2 out of 5
Directed by: Morris Barry
Well I am fairly baffled as to this series’ status as a classic. It was an impressive reappearance – set-wise, redesign-wise – of the Cybermen, and certainly helped to solidify their “all must become us” ridiculously elaborate plans charm (like freeze yourself inside a mountain baited with a couple traps, reckoning that only quality C-Men stock will seek it out and make it through) – but the dialogue is mostly atrociously dumb, and its littered with the kind of stupid and pointless character decisions that were common during Hartnell’s run – this feels like a Hartnell episode – but which, thus far, Troughton’s eps had been thankfully lacking. It’s also completely bereft of any real thrills. The stupid decision making is part of this – certainly tying up this super strong robot with a single loop of rope is fine! – but also just in scripting terms of making the Cybermen feel like a credible threat. Move slow; get confused by smoke; telegraph your actions by announcing them; send out little ‘cybermats’ to crawl around the floor. I grew up on Who; I appreciate the cheap and quick vibe of the show – and can see that a lot of budget must’ve gone into the main sets – but the lively cast just can’t dress up the forehead slapping script and incredibly stiff direction.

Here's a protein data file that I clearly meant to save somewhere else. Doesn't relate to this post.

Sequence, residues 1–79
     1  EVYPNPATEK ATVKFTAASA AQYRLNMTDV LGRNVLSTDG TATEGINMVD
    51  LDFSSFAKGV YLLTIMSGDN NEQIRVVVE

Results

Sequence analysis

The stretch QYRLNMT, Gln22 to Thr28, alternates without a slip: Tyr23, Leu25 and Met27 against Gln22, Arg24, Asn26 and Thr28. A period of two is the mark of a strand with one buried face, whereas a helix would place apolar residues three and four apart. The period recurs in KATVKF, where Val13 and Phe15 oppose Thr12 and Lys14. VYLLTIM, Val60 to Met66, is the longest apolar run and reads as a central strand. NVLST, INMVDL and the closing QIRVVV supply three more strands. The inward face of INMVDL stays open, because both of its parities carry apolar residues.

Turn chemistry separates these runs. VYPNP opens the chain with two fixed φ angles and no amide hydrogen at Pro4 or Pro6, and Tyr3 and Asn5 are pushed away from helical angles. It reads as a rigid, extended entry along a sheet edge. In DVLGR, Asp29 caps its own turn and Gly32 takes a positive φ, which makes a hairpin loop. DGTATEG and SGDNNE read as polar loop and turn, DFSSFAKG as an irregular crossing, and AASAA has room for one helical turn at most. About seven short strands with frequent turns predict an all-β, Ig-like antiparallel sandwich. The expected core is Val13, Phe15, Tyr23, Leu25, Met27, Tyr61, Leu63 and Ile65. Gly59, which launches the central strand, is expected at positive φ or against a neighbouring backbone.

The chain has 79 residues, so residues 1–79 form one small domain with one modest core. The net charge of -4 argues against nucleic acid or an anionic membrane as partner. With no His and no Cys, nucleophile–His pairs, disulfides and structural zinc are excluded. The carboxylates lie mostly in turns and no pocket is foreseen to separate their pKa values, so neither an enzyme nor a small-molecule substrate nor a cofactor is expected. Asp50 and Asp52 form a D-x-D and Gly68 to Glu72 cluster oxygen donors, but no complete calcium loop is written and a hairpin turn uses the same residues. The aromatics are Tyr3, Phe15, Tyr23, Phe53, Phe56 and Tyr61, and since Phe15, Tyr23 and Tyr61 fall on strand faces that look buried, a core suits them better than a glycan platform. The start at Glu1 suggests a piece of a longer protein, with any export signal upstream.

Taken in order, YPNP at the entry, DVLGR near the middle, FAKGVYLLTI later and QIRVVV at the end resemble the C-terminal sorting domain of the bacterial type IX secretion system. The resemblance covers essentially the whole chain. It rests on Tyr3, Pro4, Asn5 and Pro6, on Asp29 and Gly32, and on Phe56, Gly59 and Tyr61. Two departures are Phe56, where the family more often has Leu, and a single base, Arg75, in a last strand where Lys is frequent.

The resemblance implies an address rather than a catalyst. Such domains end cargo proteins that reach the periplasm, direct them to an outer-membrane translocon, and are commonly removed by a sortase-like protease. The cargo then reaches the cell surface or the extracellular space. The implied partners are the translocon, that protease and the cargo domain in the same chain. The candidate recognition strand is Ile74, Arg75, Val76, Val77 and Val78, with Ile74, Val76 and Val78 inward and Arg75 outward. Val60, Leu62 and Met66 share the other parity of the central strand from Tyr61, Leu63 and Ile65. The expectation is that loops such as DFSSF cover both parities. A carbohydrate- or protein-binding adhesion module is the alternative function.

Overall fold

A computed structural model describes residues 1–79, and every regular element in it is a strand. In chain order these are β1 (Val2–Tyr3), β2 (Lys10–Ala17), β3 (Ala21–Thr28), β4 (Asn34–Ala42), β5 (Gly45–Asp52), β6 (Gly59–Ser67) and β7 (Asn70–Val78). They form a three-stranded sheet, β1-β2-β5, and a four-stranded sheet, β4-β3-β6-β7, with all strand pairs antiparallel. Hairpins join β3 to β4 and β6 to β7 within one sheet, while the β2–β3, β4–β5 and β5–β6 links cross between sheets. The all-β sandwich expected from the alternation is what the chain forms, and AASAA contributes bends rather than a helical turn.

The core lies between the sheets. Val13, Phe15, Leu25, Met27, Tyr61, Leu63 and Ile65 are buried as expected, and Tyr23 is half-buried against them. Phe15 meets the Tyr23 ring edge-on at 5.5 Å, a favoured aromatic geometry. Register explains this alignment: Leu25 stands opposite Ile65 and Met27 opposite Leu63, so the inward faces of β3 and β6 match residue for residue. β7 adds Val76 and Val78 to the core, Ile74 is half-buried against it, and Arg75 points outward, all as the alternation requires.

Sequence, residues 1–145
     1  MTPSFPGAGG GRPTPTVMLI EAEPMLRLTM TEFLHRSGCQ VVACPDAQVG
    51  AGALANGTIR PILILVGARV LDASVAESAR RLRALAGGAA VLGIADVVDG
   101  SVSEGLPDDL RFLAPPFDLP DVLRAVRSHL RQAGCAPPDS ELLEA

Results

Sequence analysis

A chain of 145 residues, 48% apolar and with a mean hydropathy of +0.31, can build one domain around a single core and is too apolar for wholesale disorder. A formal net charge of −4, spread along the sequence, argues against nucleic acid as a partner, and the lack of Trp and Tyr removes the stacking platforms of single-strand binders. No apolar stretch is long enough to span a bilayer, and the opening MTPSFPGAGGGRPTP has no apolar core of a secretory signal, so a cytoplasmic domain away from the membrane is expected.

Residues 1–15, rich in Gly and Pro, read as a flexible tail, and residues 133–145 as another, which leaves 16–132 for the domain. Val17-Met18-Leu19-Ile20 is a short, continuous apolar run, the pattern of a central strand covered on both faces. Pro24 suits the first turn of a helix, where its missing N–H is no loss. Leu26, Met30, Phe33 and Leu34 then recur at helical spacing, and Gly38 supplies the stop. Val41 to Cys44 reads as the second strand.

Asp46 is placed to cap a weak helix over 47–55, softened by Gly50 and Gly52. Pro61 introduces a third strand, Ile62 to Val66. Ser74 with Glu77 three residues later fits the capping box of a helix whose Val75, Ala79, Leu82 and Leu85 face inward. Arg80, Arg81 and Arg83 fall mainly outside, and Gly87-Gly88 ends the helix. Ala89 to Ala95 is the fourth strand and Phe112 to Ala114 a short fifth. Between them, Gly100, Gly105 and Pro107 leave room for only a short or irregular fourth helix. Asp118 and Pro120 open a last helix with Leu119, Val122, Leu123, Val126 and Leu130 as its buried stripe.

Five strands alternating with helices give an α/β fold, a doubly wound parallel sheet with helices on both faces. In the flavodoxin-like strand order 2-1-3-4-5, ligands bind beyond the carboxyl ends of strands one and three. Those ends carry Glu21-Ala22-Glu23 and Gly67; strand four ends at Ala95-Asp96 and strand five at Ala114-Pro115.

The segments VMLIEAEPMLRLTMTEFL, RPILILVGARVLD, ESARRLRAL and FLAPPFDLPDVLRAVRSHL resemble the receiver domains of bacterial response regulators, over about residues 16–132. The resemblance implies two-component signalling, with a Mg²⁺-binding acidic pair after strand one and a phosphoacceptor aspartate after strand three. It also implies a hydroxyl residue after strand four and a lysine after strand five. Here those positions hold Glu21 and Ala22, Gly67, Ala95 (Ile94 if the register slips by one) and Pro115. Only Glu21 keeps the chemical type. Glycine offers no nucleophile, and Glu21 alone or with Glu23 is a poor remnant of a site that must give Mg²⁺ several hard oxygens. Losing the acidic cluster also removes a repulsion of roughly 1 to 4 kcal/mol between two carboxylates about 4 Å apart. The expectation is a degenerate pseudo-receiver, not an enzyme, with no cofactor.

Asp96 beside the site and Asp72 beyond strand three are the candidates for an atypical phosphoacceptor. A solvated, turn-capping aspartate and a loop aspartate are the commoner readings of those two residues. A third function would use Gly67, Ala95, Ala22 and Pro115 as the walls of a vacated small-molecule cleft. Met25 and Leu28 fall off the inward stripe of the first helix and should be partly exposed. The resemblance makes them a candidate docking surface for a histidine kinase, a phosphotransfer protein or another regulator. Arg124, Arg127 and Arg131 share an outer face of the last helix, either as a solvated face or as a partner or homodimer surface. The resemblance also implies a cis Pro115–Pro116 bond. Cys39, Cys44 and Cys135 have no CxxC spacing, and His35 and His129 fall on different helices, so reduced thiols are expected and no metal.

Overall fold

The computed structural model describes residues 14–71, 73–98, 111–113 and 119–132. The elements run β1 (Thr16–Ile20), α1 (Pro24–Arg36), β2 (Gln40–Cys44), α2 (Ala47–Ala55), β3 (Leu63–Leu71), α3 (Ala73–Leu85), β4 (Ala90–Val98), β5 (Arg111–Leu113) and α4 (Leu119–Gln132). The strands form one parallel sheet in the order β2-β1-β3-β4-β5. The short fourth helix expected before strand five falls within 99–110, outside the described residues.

Outside of all of that are the noxious sexist and racist tones of the era. This stuff happened over fifty years ago and times were different and yadda yadda; again, I’m not new to this. But the ‘put baby in the corner’ sexism in this episode stacks up pretty high – both on team evil and with new companion Victoria, helpless around all these bustling men – and we just got past one super-strong foreign black slave stereotype in the last serial, but okay, that was in the past, in Victorian times, so certainly when we jump to the far future things will have changed… …Or maybe we’ll just re-cast another super-strong, foreign black guy in another servant role. Yes, he dies. Kudos!
So whatever way you slice this one, I have to imagine it’s a ‘classic’ through rose-tinted glasses, or perhaps as one of the few complete surviving Troughton serials. But beyond some good evolution of the Cybermen agenda, and the initial episodes sense of discovery, this one was really a stinker to me.